Producer: Seth Fuller and Scott Hussion Director: Scott Hussion and Seth Fuller Writer:
Victor Zarkoff Stars: Neville Archambault, Chelsea Edmundson, Amber Midthunder, Hank
Rogerson, John-Paul Howard, Brytnee Ratledge, Gavin bWhite, Lora Martinez-Cunningham,
Brianne Moncrief, Zach Dulin and Kodi Saint Angelo Studio: Gravitas Ventures
Voyeurism of a most extreme sort was the subject of Victor Zarkoff?s ?13 Cameras,? a low-
budget thriller that grew increasingly implausible as it progressed but was nonetheless tightly
constructed and genuinely creepy. The sequel expands things by adding not only another
camera but needless subplots, and the tightness evaporates. ?14 Cameras? becomes a flat,
pointless bore, marked by poor writing and slipshod construction, as well as flat directing and
In ?13 Cameras,? the villain, creepy landlord Gerald (Neville Archambault), simply spied on
his tenants until fatally intervening in their troubled lives. It was a slim story, but for the most
part was crisply staged and executed. This time around, Gerald is more of an entrepreneur
who rents out a baker?s dozen of camera-equipped homes, footage from which he streams
out to paying customers on the dark web.
He still, however, has his own perverted interests. He keeps Claire (Brianne Moncrief), the
pregnant housewife from the first movie, imprisoned in an underground chamber, and when
one of his renters, Sarah (Chelsea Edmundson), almost catches him rambling about in her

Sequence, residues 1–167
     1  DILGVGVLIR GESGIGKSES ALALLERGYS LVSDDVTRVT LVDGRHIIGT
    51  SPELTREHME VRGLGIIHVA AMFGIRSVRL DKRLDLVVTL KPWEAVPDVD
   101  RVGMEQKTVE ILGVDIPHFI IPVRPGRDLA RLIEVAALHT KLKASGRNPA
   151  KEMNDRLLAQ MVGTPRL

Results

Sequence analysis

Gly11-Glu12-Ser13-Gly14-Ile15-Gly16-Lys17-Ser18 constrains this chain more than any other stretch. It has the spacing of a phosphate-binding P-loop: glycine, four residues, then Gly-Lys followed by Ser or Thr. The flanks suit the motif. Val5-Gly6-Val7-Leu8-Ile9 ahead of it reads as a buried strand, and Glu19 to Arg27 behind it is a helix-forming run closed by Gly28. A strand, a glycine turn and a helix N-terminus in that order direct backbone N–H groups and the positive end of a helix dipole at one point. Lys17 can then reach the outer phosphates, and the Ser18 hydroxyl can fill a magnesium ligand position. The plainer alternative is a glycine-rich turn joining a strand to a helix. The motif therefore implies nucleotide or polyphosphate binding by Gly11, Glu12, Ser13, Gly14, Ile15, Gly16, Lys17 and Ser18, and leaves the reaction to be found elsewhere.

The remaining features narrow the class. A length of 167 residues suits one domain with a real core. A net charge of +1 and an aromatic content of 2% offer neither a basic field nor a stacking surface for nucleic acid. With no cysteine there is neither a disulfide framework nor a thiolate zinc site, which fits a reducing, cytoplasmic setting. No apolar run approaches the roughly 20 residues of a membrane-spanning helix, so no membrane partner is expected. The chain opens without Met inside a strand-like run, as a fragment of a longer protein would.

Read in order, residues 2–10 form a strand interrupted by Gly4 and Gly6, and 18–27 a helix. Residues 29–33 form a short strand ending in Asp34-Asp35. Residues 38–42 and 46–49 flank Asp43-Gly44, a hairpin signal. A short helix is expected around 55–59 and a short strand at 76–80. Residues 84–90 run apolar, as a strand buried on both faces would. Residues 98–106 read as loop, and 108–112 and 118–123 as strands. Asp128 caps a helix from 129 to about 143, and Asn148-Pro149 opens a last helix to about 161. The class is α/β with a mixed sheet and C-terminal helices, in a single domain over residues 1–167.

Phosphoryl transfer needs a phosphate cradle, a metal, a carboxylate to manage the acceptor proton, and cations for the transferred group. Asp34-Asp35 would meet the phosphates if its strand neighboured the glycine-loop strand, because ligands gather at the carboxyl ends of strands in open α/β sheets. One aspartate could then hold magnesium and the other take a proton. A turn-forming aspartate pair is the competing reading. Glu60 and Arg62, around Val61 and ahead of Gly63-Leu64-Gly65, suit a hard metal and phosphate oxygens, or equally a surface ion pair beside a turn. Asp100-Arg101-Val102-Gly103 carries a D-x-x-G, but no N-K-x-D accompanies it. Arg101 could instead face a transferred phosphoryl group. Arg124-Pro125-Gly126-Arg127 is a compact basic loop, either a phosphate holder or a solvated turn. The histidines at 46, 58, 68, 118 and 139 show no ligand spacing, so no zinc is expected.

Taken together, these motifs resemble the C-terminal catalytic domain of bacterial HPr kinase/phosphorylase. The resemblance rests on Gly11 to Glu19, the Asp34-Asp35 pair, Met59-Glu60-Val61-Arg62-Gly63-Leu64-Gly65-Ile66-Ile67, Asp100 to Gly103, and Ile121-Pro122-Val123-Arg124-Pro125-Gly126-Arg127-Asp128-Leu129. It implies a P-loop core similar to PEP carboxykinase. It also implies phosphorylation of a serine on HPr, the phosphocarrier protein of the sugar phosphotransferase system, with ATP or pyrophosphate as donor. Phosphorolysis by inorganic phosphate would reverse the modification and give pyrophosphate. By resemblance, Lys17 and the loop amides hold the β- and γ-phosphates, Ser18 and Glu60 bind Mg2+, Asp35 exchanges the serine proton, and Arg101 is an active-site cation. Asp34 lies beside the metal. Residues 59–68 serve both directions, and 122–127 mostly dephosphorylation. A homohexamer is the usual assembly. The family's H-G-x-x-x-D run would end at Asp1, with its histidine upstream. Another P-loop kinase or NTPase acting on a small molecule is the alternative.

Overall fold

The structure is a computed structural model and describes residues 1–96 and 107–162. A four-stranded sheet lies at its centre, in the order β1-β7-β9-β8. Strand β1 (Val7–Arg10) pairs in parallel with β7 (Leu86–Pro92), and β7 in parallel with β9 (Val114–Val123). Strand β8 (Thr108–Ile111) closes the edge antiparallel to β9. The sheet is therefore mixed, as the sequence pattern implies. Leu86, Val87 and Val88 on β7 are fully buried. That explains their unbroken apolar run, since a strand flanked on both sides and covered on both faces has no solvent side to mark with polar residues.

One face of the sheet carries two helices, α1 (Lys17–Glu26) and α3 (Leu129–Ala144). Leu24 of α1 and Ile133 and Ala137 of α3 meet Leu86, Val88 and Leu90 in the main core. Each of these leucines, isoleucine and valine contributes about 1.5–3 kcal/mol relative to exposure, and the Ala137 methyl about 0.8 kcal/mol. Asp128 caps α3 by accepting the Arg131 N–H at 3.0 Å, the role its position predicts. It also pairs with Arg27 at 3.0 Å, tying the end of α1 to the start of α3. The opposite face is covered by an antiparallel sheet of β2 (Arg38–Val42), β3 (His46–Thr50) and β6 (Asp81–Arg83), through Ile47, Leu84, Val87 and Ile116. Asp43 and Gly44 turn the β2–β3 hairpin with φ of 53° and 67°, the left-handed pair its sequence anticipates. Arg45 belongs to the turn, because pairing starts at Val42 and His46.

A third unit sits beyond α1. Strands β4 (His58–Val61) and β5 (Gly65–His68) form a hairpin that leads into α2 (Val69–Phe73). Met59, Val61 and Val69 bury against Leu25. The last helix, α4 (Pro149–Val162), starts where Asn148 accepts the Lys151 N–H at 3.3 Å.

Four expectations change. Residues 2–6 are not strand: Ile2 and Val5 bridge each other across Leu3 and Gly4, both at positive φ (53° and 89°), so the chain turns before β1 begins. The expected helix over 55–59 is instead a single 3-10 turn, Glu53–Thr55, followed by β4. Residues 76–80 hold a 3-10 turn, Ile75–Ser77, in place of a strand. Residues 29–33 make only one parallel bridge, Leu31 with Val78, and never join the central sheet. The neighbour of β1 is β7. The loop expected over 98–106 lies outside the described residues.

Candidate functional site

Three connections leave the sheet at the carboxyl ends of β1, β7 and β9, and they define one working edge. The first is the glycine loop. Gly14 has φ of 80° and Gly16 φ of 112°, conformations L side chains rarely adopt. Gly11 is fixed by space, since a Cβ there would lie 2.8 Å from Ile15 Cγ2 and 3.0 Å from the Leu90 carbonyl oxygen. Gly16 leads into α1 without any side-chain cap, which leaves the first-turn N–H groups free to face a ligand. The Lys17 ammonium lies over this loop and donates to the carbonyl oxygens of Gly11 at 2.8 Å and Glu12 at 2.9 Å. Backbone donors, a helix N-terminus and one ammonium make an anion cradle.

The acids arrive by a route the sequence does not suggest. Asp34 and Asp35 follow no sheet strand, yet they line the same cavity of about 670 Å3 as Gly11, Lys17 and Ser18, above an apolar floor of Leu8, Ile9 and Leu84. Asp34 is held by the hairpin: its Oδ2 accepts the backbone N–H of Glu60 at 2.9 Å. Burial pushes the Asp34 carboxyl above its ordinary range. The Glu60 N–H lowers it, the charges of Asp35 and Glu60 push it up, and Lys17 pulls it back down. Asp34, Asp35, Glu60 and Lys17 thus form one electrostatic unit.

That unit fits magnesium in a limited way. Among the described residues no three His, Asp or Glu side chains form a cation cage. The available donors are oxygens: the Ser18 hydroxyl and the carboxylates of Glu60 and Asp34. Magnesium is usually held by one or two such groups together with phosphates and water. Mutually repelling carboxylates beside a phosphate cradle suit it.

house, he tosses her in as well, though he never seems to have contact with the women
except for occasional trips to bathe them tenderly. In one plot thread, Sarah attempts to
escape despite Claire?s warnings not to?good advice, as it turns out.
In any event, after a pointless prologue involving a couple (Zach Dulin and Kodi Saint
Angelo) who simply banter for awhile before disappearing in their car, the focus shifts to a
new bunch of renters: parents Arthur (Hank Rogerson) and Lori (Lora Martinez-
Cunningham), their daughter Molly (Brytnee Ratledge) and her horny younger brother Kyle
(John-Paul Howard), who has the hots for Molly?s friend Danielle (Amber Midthunder), their
guest. Much of the movie is given over to desultory footage of them, enlivened only when
one of Gerald?s customers decides to pay the girls an unwelcome visit and Gerald
intervenes to protect them.
By this time, however, Junior (Gavin White), a teen who lives with Gerald (and may be the
son Claire never knew), investigates what his ?guardian? has been up to and decides to
save Claire, and the family will become engaged as well. But though http://bit.ly/2PfQcQ4 ?s
flow of footage will halt, a coda is added to suggest there might be life in the old goat yet and
the hiatus in his work output could be temporary.
Though Zarkoff wrote the script for this sequel to his surprise little succs d?estime, he passed
directing duties along to producers Seth Fuller and Scott Hussion, who exhibit little flair for
structure or pacing and are unable to draw anything but the most elementary performances
from the cast, although it must be admitted that Archambault remains a menacing presence.
Fuller also served as cinematographer, and shows little aptitude in that capacity either. Editor
Zach Lee gives the picture no perceptible rhythm, failing to inject any excitement into what is
pretty flaccid footage.
For discerning genre fans ? http://null ? was a surprisingly effective little thriller about a
twisted guy and his hapless victims. This time around, the haplessness is to be found in the
filmmakers. ?14 Cameras? is a thoroughly unnecessary and disappointing sequel.